Saturday, September 3, 2011

Disenfranchising Citizens for Political Purposes: Conservatives Seek More Hurdles to Voting

I've been wanting to post something about this for the last day or two, but I just couldn't muster up the energy to do it.  Sometimes learning of things like this is so disheartening that it just sucks the energy out of me, despite how important it is for people to be aware of it.  Political scientists and sociologists have noted for years now that a more engaged citizenry usually translates into more votes for democrats (less so now because of the ideological shift to the right over the past 30-years) and third party candidates.  Political savvy folks know this too.  If more voters threatens your political ideology, and you have no morals or soul then you have a vested interest in decreasing the number of voters.  That's what's going on here.  It's despicable and embarrassing that in the 21st century we have people actively seeking to deny others the right to vote.

There's a long history of denying people the right to vote in this country.  Because of my interest in criminology I'm most familiar with felon disenfranchisement laws that deny convicted felons the right to vote, while in prison, on parole, or forever (in a couple states--Kentucky and I think until recently, Washington State).  Because law making and law enforcement is most heavily focused on urban poor (mostly racial minorities--through the war on drugs, gang laws, and weapon violations) these voting policies by default serve to remove the voting rights of thousands and thousands of African American men (a contemporary version of social control with roots dating back to the Civil Rights Acts, and further back, slavery and European expansion across the globe--there's lots of historical work on this).  In fact, the Sentencing Project notes that approximately 5.3 million Americans are denied the right to vote by such policies, with 13% of the Black population falling into this category.  Jeff Manza and Christopher Uggen have both written on this phenomenon and how it's effected elections (several state level races, U.S. Congressional races and the 2000 presidential election--recall Dade County, Florida).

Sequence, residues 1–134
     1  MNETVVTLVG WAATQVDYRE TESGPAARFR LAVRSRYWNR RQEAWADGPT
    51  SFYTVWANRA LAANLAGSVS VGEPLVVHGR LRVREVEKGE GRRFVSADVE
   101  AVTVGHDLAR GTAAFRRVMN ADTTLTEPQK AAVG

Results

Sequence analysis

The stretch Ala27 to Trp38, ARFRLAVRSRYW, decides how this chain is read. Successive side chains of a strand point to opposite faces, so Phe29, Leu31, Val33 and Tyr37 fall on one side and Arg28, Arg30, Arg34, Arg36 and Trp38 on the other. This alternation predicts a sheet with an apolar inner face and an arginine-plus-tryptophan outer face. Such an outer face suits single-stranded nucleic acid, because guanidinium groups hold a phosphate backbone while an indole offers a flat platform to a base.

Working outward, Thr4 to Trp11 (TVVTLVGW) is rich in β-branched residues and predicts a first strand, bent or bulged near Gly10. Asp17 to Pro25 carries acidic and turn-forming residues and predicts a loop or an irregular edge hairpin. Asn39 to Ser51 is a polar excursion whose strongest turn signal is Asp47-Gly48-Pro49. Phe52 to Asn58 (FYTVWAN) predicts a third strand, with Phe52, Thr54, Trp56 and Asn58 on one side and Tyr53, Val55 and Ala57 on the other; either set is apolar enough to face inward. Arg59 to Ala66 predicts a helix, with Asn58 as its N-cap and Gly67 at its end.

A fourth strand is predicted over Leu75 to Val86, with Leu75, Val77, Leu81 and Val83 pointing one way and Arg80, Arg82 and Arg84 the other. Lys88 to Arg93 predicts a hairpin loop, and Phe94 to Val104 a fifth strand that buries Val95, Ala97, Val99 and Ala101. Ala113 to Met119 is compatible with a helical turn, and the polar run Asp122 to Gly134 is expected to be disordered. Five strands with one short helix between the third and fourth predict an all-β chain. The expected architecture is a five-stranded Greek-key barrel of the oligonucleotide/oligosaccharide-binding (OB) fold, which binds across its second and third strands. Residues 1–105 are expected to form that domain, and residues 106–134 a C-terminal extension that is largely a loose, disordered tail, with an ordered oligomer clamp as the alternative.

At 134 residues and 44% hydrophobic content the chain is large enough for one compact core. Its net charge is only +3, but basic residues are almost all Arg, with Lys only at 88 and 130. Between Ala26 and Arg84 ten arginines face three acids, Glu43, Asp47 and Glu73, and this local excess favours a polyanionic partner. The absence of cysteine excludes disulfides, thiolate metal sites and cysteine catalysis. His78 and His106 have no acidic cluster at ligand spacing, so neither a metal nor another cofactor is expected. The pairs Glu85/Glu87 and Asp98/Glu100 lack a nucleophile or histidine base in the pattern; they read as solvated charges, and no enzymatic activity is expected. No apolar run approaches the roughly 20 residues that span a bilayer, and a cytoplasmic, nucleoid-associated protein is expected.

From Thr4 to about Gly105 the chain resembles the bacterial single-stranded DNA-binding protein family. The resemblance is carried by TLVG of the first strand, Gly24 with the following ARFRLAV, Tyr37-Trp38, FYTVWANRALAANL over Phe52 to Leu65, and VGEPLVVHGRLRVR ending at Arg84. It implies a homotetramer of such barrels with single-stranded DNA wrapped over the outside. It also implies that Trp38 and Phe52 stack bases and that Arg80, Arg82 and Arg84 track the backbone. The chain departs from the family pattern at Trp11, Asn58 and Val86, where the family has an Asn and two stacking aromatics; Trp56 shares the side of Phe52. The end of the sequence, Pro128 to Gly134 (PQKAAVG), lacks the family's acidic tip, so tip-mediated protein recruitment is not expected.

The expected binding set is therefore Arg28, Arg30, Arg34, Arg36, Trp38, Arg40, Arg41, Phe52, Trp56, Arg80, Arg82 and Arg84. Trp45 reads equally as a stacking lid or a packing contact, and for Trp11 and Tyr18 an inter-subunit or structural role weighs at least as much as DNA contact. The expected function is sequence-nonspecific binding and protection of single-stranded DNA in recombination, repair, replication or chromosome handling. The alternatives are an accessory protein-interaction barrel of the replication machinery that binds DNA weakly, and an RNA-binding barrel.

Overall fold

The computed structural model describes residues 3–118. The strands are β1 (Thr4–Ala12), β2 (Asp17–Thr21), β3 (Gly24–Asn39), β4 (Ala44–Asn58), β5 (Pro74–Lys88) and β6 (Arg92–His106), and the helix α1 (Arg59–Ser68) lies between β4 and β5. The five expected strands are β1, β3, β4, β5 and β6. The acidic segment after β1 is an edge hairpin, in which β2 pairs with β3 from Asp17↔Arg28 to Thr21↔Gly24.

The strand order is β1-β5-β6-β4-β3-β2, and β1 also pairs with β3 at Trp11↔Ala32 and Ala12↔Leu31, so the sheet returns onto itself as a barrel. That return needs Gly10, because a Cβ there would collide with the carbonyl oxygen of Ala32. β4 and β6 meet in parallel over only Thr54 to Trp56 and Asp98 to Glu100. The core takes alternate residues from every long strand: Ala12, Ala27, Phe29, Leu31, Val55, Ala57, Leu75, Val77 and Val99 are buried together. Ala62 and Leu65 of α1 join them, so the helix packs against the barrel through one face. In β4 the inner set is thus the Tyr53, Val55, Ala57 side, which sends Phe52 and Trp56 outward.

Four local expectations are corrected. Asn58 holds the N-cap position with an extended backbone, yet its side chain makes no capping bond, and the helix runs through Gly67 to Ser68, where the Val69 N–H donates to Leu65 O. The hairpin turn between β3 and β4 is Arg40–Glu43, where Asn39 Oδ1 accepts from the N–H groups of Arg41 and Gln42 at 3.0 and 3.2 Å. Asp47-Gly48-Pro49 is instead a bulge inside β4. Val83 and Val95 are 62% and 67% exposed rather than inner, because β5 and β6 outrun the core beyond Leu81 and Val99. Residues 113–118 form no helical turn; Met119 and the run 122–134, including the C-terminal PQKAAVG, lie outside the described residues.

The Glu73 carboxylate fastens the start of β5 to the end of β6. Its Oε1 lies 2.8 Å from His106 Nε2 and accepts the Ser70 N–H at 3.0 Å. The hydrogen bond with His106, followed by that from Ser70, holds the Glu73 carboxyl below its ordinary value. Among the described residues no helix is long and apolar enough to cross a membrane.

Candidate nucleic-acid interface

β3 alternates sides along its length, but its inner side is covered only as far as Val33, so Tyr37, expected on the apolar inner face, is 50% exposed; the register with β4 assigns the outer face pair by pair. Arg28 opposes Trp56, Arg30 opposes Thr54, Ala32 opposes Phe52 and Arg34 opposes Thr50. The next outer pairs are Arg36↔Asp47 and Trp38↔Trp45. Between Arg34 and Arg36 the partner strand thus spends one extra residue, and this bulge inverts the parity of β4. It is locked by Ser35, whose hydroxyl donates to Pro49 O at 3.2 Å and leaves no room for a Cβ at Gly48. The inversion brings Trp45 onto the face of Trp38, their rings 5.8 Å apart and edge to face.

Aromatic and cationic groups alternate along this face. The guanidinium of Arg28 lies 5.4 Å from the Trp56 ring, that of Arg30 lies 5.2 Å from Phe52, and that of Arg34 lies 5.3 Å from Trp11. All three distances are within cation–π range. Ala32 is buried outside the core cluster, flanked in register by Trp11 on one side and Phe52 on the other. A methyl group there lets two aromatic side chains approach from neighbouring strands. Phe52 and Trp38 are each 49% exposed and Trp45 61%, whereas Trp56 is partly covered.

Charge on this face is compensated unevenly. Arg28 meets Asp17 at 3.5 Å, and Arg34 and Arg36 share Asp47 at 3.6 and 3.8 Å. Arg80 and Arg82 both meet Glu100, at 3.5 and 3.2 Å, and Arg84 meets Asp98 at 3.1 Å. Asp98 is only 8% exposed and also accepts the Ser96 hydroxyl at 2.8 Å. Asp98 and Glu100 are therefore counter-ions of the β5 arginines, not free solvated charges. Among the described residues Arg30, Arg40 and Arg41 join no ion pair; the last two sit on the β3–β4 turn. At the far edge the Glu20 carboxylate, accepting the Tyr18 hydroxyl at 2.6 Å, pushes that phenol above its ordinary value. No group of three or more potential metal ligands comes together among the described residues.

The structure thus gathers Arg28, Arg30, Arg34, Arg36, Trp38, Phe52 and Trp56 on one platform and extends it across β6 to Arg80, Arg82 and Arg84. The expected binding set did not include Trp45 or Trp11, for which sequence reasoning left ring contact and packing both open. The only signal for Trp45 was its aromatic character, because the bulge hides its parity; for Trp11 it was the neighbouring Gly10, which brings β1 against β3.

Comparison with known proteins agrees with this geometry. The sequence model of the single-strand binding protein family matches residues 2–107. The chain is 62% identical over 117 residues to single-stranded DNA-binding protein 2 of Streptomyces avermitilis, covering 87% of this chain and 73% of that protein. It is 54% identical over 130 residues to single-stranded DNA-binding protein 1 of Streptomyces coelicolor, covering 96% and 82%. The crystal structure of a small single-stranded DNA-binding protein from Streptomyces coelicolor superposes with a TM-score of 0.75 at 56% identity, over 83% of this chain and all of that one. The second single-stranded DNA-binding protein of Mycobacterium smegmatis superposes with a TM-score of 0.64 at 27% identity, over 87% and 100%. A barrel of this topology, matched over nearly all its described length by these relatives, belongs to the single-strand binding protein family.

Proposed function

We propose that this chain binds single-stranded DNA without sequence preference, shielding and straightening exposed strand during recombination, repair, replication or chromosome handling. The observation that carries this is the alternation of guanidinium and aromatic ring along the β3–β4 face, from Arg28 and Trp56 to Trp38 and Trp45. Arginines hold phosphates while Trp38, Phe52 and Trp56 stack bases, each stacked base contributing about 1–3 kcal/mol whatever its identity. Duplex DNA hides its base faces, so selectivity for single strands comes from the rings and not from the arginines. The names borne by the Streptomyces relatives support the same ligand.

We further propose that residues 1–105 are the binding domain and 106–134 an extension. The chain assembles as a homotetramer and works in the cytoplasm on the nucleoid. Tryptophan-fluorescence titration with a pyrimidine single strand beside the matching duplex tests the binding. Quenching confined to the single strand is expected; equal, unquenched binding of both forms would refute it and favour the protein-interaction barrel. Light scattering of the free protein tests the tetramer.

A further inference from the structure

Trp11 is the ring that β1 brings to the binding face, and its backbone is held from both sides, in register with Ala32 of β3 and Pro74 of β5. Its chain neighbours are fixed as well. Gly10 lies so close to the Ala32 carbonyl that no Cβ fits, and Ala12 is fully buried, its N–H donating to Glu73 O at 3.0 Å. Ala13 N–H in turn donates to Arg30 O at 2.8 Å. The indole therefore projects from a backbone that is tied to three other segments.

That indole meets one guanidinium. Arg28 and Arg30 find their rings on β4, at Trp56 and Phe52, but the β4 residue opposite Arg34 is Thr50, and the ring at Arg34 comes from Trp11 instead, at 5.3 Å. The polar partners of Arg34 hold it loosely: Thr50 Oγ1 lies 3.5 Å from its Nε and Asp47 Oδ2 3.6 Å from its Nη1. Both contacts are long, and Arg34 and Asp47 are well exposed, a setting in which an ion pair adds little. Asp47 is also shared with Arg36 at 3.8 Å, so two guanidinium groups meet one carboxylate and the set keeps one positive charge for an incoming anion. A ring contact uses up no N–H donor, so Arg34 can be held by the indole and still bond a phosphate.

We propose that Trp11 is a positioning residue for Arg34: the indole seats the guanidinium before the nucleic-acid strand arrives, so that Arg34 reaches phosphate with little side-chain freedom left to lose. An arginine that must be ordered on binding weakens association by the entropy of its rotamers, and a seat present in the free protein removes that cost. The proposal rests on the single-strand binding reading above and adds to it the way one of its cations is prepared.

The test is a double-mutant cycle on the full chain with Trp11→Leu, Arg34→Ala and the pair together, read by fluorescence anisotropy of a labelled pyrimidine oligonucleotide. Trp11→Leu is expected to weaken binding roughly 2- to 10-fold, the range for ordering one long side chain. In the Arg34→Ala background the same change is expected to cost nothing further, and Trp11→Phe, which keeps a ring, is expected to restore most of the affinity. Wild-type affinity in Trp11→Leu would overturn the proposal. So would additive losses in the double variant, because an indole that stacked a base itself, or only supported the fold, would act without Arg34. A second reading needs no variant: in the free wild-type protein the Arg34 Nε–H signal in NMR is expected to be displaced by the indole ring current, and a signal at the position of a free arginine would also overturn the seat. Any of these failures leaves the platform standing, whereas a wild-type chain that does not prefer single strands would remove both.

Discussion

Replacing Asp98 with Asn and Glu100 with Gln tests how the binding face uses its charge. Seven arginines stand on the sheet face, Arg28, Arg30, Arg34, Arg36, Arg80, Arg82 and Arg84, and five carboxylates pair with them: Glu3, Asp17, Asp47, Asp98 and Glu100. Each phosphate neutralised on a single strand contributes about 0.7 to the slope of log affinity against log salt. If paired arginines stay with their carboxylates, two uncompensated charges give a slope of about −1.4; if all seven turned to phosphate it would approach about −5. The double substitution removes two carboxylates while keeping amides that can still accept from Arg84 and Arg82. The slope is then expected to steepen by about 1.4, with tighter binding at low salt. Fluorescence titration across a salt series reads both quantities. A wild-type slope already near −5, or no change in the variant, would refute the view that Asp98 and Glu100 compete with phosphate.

In New Orleans there's an organization called Voice of the Ex Offender (or V.O.T.E.) headed by Norris Henderson.  A friend of mine met Norris while he (my friend) was in Angola service a 35 year sentence for dealing heroin (he actually didn't get caught dealing but instead had an amount that police and the prosecutor said was too much for individual use and so he must be dealing--apparently this assumption was enough to convince a judge).

Jimmy Huck over at the HuckUpChuck wrote a little on this phenomenon, as a recent conservative commentator Matthew Vadum published his argument for denying the poor the right to vote on the website American Thinker.  TalkingPointsMemo also touched on this.

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